Website under construction

Website under construction
ASPO Belgium

is an association of researchers and professionals interested in the study of Peak Oil and Gas and its implications for humanity. We are part of a worldwide network of organizations affiliated to the Association for the Study of Peak Oil and Gas (ASPO), which was founded by Colin Campbell and Kjell Aleklett.
The association was founded in 2007 by Patrick Brocorens, researcher at the University of Mons.

We are looking for people interested in Peak Oil and its consequences to work.

The first website was exclusively French. To mark the passage of the ASPO in NPO, we take the opportunity to modify the site and make it multilingual.
Feel free to contact us for help in the translation or simply to correct errors found in our articles (email to This email address is being protected from spambots. You need JavaScript enabled to view it.
)

Thank you in advance

The committee ASPO Belgium

Public inquiry of the Walloon Parliament about relationship between economy and peak oil, and the implications for Wallonia

Aim

This inquiry aims to assess the influence of peak oil on the economy, and vice versa, the role of economic factors on the level of oil production. The inquiry objectives are also to evaluate the implications of a global peak oil for Wallonia (see below).

How to contribute

Anyone wishing to contribute to the inquiry may submit a written contribution (up to 15 pages in Word format) to MP LEBRUN, President of the Peak Oil and Gas Committee of the Walloon Parliament. At the end of the inquiry, a summary report of the submitted contributions will be jointly prepared by the Peak Oil and Gas Committee of the Walloon Parliament and ASPO.be (Belgian section of the Association for the Study of Peak Oil and Gas). The authors of the submitted contributions will be consulted to give their opinion on the summary report, which will be released early 2014.

Deadline

            This inquiry will run from 5th of July 2013 to 15th of December 2013.

Contacts

            MP Michel LEBRUN, President of the Peak Oil and Gas Committee of the Walloon Parliament.

            This email address is being protected from spambots. You need JavaScript enabled to view it.   or

            M. Jean-Luc BOCK, Secretary of the Peak Oil and Gas Committee of the Walloon Parliament.

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Public inquiry about relationship between the economy and peak oil, and the implications for Wallonia

As oil is a finite resource, at a given moment, oil production will reach a maximum - a peak - before going into decline. But if production declines, prices rise, and other oil resources become profitable. With the extraction of these resources, some believe that peak oil can be postponed. It is the main point of debate over peak oil.

According to the International Energy Agency (WEO2010), conventional oil has likely peaked in 2006. Oil deposits that are easily accessible and have high production flows are replaced by deposits that are difficult to access, or have low production flows, or require heavy investments to achieve significant production flows, such as tar sands and extra-heavy oil. Therefore, peak oil is not so much a problem of remaining oil stock volume. It is both a problem of physical accessibility to the stock (visible by higher production costs), and a problem of extraction rate (visible by the increasing pace of investments needed to offset the decline in old deposits). These two aspects are closely linked, and both cause an increase in oil prices, as long as oil demand remains strong.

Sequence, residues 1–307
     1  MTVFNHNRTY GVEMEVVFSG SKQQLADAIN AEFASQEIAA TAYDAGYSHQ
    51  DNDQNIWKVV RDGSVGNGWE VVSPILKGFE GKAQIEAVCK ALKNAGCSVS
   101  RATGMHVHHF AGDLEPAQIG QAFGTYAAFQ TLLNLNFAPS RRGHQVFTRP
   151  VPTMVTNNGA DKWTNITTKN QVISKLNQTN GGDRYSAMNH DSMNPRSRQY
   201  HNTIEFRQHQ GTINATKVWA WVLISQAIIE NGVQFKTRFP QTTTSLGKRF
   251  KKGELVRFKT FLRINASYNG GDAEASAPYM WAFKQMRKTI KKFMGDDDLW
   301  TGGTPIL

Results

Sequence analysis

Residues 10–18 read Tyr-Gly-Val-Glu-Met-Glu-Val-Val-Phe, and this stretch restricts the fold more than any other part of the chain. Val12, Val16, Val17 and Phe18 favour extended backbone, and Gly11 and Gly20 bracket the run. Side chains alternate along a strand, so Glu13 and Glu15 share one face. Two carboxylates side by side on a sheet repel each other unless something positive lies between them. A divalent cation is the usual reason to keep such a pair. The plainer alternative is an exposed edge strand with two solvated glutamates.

As oil prices influence both oil supply and demand, some people prefer to use an economic definition of peak oil: peak oil would be the moment when investing in the extraction of an additional barrel requires an oil price that is higher than the price the weakest consumer can bear. From a certain price, there is indeed demand destruction, which can take different routes (eg: substitution or economic recession, as during the oil shocks of 1973 and 1979, and during the current crisis). Peak oil could therefore constitute an obstacle to economic growth.

 

The inquiry aims to answer the following questions:

¨ Are some countries already undergoing the first negative effects of an economic peak oil, through their oil bill? Do high oil prices play a role in the economic crisis we face since 2008?

¨ What might be the effects of higher oil prices in the future on economic growth and the economic sectors?

¨ If oil prices rise more slowly than oil production costs, what could be the effects on oil rent, and ultimately oil revenues of the governments, both in producing and consuming countries?

¨ Since 2006, global net oil exports are in a downward trend (Figure 1, next page). What are the causes and consequences of this decline?

¨ In a context of declining oil exports and high prices, India and China are increasing their oil imports, while Europe and the United States are reducing them (Figure 2, next page). Are the occidental countries weaned off oil in favor of Asia due to high prices?

¨ What are the implications and opportunities of these developments for Wallonia?

 

Figure 1: Evolution of world net exports of oil (all liquids) sorted by oil exporting country, and oil prices (black line, $2012, West Texas Intermediate spot price) since 1986. Economics crises are indicated. Source: EIA data, U.S. Bureau of Economic Analysis.

 

Figure 2: Evolution of world net imports of oil (all liquids). Imports from the USA, China, India and EU are represented. Source: EIA data.

 

 

Find here more information about the Peak Oil and Gas Committee of the Walloon Parliament

 



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Mobilizing society in the face of peak oil

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